Leonard J. Schulman mainly focuses on Theoretical computer science, Algorithm, Discrete mathematics, Combinatorics and Information theory. His Theoretical computer science research is multidisciplinary, relying on both Asymptotically optimal algorithm and Shannon–Hartley theorem. His research integrates issues of Dimension, Artificial intelligence and Pattern recognition in his study of Algorithm.
His study explores the link between Pattern recognition and topics such as Probabilistic analysis of algorithms that cross with problems in Simple. He combines subjects such as Tree network, Computation, Group and Bounded function with his study of Discrete mathematics. Leonard J. Schulman specializes in Combinatorics, namely Time complexity.
His primary areas of study are Combinatorics, Discrete mathematics, Algorithm, Mathematical optimization and Upper and lower bounds. His work deals with themes such as Binary number, Exponential function and Regular polygon, which intersect with Combinatorics. The concepts of his Discrete mathematics study are interwoven with issues in Function, Quantum algorithm and Bounded function.
Within one scientific family, he focuses on topics pertaining to Quantum computer under Quantum algorithm, and may sometimes address concerns connected to Computation. His Algorithm research includes elements of Rate of convergence, Norm and Numerical linear algebra. His research in Mathematical optimization intersects with topics in Stackelberg competition, Latency and Special case.
His primary areas of investigation include Combinatorics, Discrete mathematics, Mathematical economics, Constant and Nash equilibrium. A large part of his Combinatorics studies is devoted to Binary logarithm. His Discrete mathematics study incorporates themes from Computational complexity theory, Measure, Zero-sum game, Decoding methods and Exponential growth.
His work in Computational complexity theory covers topics such as Symbolic integration which are related to areas like Simple. His Mathematical economics research incorporates themes from Convergence, Mathematical optimization and Algebraic connectivity. The Constant study combines topics in areas such as Tree, Core, Binary tree and Arity.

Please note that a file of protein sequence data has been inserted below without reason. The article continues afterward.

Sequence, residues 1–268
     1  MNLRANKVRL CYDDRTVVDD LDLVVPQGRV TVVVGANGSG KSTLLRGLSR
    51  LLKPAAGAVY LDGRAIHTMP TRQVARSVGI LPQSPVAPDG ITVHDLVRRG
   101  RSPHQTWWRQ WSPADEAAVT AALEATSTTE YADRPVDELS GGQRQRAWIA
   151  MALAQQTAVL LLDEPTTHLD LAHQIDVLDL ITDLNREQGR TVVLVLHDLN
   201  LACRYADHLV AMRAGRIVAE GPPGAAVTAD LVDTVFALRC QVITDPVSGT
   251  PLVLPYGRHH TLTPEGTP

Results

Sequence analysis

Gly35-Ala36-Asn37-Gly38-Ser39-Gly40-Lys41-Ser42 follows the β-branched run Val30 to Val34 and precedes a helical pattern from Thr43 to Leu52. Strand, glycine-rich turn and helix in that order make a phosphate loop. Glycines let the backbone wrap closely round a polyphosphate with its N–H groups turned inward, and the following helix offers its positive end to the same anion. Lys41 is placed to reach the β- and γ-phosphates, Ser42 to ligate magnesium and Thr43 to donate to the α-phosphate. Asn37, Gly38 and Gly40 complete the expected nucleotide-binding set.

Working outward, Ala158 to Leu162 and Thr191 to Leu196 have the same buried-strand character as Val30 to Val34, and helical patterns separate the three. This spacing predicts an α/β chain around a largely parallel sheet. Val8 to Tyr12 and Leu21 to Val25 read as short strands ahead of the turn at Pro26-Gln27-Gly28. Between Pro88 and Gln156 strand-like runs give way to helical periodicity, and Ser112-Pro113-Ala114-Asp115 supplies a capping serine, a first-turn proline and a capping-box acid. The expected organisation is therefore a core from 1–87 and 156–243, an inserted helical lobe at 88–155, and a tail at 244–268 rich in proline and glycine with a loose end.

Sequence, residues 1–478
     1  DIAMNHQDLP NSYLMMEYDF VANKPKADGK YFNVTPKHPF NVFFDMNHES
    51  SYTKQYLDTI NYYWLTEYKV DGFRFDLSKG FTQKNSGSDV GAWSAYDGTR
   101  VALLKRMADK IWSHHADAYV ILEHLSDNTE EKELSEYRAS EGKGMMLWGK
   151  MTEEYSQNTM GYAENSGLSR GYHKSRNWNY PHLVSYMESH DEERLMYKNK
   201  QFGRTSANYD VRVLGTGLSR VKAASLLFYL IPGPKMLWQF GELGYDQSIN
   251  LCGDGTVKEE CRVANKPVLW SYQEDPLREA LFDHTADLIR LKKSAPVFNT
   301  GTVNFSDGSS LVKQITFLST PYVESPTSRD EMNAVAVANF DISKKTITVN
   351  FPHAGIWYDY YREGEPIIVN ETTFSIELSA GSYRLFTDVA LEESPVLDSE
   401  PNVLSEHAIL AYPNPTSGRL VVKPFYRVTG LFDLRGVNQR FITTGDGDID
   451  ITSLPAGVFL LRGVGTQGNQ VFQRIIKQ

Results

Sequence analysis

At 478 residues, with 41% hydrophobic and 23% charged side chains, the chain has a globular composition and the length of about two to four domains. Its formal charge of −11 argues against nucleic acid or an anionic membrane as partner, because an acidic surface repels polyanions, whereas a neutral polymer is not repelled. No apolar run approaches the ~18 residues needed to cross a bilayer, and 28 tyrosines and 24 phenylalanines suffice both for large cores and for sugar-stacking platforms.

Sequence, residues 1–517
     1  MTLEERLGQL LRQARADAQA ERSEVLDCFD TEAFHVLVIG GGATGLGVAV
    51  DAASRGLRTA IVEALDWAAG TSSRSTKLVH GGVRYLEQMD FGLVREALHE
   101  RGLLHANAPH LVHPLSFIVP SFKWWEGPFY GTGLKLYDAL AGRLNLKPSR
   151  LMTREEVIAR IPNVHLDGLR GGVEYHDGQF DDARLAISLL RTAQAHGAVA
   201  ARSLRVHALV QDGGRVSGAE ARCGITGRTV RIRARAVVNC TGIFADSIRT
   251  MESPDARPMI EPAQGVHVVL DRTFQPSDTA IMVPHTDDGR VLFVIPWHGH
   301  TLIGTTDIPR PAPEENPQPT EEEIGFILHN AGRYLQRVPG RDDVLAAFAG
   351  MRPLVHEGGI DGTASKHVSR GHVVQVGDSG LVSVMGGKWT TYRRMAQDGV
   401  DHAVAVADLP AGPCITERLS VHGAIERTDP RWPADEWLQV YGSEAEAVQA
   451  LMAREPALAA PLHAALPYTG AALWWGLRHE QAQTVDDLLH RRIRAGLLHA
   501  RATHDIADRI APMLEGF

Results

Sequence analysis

Discrete mathematics, Binary logarithm, Combinatorics, Mathematical optimization and Constant are his primary areas of study. Leonard J. Schulman works in the field of Discrete mathematics, focusing on Directed graph in particular. The various areas that Leonard J. Schulman examines in his Binary logarithm study include Matching, Current, Logarithm and Limit.
His work carried out in the field of Combinatorics brings together such families of science as Unsupervised learning and Distribution. His Mathematical optimization research incorporates elements of Simple and Incentive compatibility. His biological study spans a wide range of topics, including Tree, Exponential growth, Binary tree and Arity.
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The effectiveness of lloyd-type methods for the k-means problem
Rafail Ostrovsky;Yuval Rabani;Leonard J. Schulman;Chaitanya Swamy.
Journal of the ACM (2013)
Splitters and near-optimal derandomization
M. Naor;L.J. Schulman;A. Srinivasan.
foundations of computer science (1995)
Coding for interactive communication
international symposium on information theory (1995)
Broadcasting on trees and the Ising model
William Evans;Claire Kenyon;Yuval Peres;Leonard J. Schulman.
Annals of Applied Probability (2000)
A Two-Round Variant of EM for Gaussian Mixtures
Sanjoy Dasgupta;Leonard J. Schulman.
uncertainty in artificial intelligence (2000)
A Probabilistic Analysis of EM for Mixtures of Separated, Spherical Gaussians
Sanjoy Dasgupta;Leonard Schulman.
Journal of Machine Learning Research (2007)
Quantum mechanical algorithms for the nonabelian hidden subgroup problem
Michelangelo Grigni;Leonard Schulman;Monica Vazirani;Umesh Vazirani.
symposium on the theory of computing (2001)
Asymptotically good codes correcting insertions, deletions, and transpositions
L.J. Schulman;D. Zuckerman.
IEEE Transactions on Information Theory (1999)
A random walk model of wave propagation
M. Franceschetti;J. Bruck;L.J. Schulman.
IEEE Transactions on Antennas and Propagation (2004)
Communication on noisy channels: a coding theorem for computation
foundations of computer science (1992)
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